The Effects of Exercise Therapy on Motor Behaviors of Preterm Infant Rats Induced by Intrauterine InflammationAuthor(s): Shu-ying Cai, Zhen-huan Liu, Gui-lan Peng, Rui-hua Tian, Pei Li
The aim of this study was to investigate the effects of exercise therapy on motor behaviors of preterm infant rats induced by intrauterine inflammation.
Lipopolysaccharide was intraperitoneally injected to pregnant rats to induce intrauterine inflammatory response, and then animal models of preterm infant rats were prepared. The preterm infant rats were randomly divided into two groups, including the exercise group (group A), and the model group (group B), while the normal infant rats without preterm birth produced by pregnant rats in the non-modeling group were used as control group (group C). Balance beam training, roller training, grasp training, and open-field test were performed to test the motor behaviors. HE and immunofluorescence staining of hippocampal tissues were performed. Image analysis was performed to observe the number of GFAP-positive astrocytes in hippocampus.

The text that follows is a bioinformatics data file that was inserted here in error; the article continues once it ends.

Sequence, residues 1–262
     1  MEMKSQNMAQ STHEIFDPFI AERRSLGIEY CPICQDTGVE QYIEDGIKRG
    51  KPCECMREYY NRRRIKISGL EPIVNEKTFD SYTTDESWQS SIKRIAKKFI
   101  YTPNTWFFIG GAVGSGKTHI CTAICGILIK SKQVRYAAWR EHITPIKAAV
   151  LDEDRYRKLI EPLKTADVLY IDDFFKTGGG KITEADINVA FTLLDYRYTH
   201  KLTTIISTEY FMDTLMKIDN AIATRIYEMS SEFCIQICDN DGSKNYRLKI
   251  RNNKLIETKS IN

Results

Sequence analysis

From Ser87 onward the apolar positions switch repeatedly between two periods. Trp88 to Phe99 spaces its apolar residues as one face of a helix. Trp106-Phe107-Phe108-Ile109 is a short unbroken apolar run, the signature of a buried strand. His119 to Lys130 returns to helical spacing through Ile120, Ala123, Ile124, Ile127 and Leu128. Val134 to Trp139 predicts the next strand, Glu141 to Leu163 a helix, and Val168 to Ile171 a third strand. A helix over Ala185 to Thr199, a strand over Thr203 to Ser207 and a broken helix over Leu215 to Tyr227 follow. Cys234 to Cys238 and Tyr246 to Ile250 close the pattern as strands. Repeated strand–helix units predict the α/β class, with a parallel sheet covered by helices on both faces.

The test scores of motor behaviors in the control group were the highest; the model group showed the lowest, and no statistical significance was observed between the control and exercise groups. Compared with control group, the number of GFAP-positive astrocytes was increased in the model group with statistical significance (P<0.05). However, the number of GFAP-positive astrocytes was decreased in the exercise group after intervention of exercise therapy, which was statistically significant with the model group (P<0.05).
Exercise therapy can improve motor behaviors in preterm rats caused by lipopolysaccharideinduced intrauterine inflammatory, and this might be due to the inhibition of reactive hyperplasia of astrocytes, which then plays a key role in repairing the damaged motor behaviors.